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Engineering Education Inquiry


Credit Hours:


Learning Objective:

The course is an introduction to engineering education research and its main goal is to introduce students to engineering education research. The course is designed in alignment with the following goals and objectives:
  1. Engage in professional and ethical conduct of engineering education research
    1. Define research as a form of argument with claims and evidence
    2. Recognize ethical considerations in various aspects of research such as its design, authorship, and citation
    3. Use appropriate (basic and advanced) library resources to locate literature and reports
    4. Acknowledge and document citations and references in APA format
    5. Engage in scholarly critique (of work written by scholars or peers) in a constructive and professional manner
  2. Craft arguments from evidence
    1. Write effective titles, abstracts, and keywords
    2. Identify variations in arguments associated with different components of research articles
    3. Synthesize existing literature in a systematic way to craft arguments on the state of research in a specific area
    4. Describe differences between narrative reviews and systematic reviews
    5. Present ideas and arguments succinctly and clearly
  3. Explore repertoire of research methodologies used in engineering education
    1. Recognize the need for different methodologies
    2. Compare a range of research methodologies by explaining variations in research methods (sampling, data collection, analysis) and purpose
    3. Identify different philosophical foundations that are typically associated with specific research methodologies
    4. Acknowledge the role of the researcher in research
    5. Recognize the role of theoretical and conceptual frameworks in research
    6. Distinguish quality criteria associated with qualitative, quantitative, or mixed research methods


This graduate level course on inquiry in Engineering Education aims to introduce students to research in engineering education. This course covers a survey of educational research methodologies as well as strategies for locating, documenting, and critically reading literature for the purpose of crafting arguments from evidence. In this course, students will engage in professional and ethical conduct of research through readings, videos, discussions and assignments; define and practice research as crafting arguments from evidence; and 3) explore a rich repertoire of research methodologies used in engineering education. Research literature in engineering education will be analyzed and synthesized to form arguments from evidence while recognizing multiple paradigmatic lenses including positivist, post-positivist, post-modernist, constructivist, and critical theory. Qualitative, quantitative, mixed approaches will be compared in alignment with contemporary academic thought and ways they reveal the complexity of phenomena under study. This course is one of the required core courses for the graduate degree in Engineering Education at Purdue University.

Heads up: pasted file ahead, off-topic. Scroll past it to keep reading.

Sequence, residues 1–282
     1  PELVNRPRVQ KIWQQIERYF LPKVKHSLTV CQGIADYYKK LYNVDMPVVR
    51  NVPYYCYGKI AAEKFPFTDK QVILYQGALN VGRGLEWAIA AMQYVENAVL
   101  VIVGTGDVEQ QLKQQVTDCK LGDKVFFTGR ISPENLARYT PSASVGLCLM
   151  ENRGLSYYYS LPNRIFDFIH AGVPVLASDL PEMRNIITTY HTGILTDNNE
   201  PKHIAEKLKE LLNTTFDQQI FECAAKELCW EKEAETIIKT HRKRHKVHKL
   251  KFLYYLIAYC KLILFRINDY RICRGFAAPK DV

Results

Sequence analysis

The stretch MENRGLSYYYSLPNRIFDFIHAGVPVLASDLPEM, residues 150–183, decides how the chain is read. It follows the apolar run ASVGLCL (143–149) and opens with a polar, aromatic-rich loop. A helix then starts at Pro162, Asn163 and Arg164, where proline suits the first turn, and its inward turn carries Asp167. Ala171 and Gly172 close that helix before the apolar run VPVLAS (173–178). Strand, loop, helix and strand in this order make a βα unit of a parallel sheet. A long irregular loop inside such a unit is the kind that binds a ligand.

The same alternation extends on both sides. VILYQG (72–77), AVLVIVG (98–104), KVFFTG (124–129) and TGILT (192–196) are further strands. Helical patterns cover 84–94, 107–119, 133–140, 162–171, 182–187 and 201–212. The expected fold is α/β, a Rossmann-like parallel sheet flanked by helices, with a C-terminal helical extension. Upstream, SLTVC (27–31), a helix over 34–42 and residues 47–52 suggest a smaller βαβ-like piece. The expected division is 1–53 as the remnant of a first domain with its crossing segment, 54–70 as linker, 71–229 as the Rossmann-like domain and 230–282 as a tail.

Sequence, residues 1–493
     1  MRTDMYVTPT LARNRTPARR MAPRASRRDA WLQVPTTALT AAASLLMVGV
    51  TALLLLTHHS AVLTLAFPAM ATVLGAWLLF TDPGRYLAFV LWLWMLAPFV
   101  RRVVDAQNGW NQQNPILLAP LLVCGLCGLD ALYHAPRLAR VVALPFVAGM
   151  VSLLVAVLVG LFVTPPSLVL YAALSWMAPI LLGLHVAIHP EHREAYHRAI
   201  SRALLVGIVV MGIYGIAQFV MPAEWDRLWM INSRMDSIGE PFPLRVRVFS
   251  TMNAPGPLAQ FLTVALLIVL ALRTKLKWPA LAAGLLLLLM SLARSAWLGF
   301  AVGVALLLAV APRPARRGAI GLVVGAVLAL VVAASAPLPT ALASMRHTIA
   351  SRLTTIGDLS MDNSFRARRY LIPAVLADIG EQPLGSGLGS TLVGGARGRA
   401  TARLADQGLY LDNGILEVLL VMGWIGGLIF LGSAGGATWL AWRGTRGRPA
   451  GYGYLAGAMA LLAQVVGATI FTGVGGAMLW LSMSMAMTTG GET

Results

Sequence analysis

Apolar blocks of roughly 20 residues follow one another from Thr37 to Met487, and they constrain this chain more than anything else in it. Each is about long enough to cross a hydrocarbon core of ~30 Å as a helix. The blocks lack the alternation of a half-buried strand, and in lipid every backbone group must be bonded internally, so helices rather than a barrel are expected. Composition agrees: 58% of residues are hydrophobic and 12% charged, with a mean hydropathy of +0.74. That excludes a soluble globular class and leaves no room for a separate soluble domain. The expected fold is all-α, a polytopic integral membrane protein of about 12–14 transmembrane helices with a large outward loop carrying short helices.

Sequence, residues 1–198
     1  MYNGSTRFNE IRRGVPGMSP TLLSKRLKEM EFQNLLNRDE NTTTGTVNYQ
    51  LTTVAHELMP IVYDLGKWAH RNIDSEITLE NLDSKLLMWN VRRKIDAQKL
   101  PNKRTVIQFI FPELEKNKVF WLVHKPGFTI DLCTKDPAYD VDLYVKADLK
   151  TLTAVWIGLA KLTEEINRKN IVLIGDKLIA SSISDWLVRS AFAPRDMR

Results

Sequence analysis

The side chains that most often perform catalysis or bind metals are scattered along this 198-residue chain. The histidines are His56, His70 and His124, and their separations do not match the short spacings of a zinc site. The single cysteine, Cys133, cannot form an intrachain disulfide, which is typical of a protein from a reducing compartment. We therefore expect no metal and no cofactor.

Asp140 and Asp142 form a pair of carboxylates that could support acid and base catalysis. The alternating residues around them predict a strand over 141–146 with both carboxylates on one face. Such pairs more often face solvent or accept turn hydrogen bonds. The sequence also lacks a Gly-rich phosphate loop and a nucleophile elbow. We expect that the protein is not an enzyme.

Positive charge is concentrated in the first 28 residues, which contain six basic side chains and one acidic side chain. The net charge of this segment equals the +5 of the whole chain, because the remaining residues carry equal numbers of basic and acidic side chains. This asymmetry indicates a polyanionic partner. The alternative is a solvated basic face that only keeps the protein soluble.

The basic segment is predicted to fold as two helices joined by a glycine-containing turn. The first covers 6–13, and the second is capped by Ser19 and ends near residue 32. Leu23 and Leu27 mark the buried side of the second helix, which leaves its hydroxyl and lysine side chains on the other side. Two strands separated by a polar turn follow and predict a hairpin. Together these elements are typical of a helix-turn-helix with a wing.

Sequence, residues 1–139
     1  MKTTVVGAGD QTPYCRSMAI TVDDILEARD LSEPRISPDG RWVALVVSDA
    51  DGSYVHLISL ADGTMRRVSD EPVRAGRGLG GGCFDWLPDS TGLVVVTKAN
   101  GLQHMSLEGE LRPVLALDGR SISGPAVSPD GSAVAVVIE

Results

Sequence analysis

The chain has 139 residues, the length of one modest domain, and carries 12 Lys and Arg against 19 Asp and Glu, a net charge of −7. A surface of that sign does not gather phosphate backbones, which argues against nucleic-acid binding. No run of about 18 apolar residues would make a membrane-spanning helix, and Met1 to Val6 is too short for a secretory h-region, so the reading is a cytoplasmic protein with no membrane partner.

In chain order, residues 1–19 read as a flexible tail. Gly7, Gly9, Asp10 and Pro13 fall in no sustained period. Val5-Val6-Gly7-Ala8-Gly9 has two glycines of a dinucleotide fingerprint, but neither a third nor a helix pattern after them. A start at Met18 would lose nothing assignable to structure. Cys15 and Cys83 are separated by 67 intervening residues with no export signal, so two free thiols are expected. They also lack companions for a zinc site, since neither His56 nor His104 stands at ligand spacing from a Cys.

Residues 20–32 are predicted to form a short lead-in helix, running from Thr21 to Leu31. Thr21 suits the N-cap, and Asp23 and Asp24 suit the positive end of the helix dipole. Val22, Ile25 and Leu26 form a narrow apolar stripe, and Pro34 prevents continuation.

Topics Covered:

Module 1: Introduction to research
Module 2: Qualitative research methods
Module 3: Quantitative research methods
Module 4: Making arguments with research


Applied / Theory:

50 / 50

Web Address:

Web Content:

Syllabus, Grades, Lecture Notes, Homework Assignments, Message Board


All homework will be accepted through Brightspace.


There will be one major assignment, a systematized literature review (SLR, with six milestones spread throughout the entire course). The assignment will be on an engineering education topic of your choosing and involve reading, analyzing, and synthesizing published literature to form an argument answering a research question on the current state of research. The assignment has multiple components: IRB certification: A requirement of the Graduate College is completion of the following Collaborative Institutional Training Initiative (CITI) training. You are required to complete the following training:
  • Responsible Conduct of Research
  • Social and Behavior Research Investigators and Key Personnel (Basic Course)
5-minute idea pitch (introduce topic, initial search numbers, pl.ans to delimit search and justification)
3 drafts of the SLR paper
Final (SLR) paper
The assignment will also involve:
  • 3 peer feedback (one for pitch & two for draft papers)
  • Cover letters
  • Response to feedback


There is a take-home exam at the end of the semester.


All readings will be available through Purdue Libraries

Computer Requirements:

ProEd Minimum Computer Requirements. On-line conferencing and collaboration software as well as software to facilitate video-recording and sharing will be needed.

Other Requirements:

A typical week of activities prior to class include: building background with course readings; engaging in a mini assignment that will typically be hands-on and collaborative; sharing the outcome of mini or major assignment with peers; and commenting (reviewing the work of peers, asking questions, reflecting, and discussing). During class, we will spend our time this typical schedule. Additionally, the course will culminate in a final project, a Systematized Literature Review.

ProEd Minimum Requirements: